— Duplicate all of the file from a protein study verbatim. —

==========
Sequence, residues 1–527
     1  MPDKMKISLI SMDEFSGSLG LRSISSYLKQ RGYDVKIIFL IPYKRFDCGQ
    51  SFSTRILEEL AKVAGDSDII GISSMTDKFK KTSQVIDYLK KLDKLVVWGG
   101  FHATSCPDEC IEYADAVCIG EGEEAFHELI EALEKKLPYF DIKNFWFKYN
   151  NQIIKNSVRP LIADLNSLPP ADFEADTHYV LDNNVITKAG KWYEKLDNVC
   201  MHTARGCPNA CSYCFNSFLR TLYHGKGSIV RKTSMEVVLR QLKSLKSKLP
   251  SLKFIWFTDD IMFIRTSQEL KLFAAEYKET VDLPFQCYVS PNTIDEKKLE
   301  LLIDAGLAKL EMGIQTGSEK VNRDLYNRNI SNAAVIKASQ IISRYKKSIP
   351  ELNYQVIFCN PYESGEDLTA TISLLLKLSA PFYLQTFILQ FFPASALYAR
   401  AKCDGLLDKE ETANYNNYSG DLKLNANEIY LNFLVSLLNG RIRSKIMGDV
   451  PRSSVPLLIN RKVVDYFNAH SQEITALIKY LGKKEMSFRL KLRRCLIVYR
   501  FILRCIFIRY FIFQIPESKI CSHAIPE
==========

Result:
Sequence, residues 1–527
     1  MPDKMKISLI SMDEFSGSLG LRSISSYLKQ RGYDVKIIFL IPYKRFDCGQ
    51  SFSTRILEEL AKVAGDSDII GISSMTDKFK KTSQVIDYLK KLDKLVVWGG
   101  FHATSCPDEC IEYADAVCIG EGEEAFHELI EALEKKLPYF DIKNFWFKYN
   151  NQIIKNSVRP LIADLNSLPP ADFEADTHYV LDNNVITKAG KWYEKLDNVC
   201  MHTARGCPNA CSYCFNSFLR TLYHGKGSIV RKTSMEVVLR QLKSLKSKLP
   251  SLKFIWFTDD IMFIRTSQEL KLFAAEYKET VDLPFQCYVS PNTIDEKKLE
   301  LLIDAGLAKL EMGIQTGSEK VNRDLYNRNI SNAAVIKASQ IISRYKKSIP
   351  ELNYQVIFCN PYESGEDLTA TISLLLKLSA PFYLQTFILQ FFPASALYAR
   401  AKCDGLLDKE ETANYNNYSG DLKLNANEIY LNFLVSLLNG RIRSKIMGDV
   451  PRSSVPLLIN RKVVDYFNAH SQEITALIKY LGKKEMSFRL KLRRCLIVYR
   501  FILRCIFIRY FIFQIPESKI CSHAIPE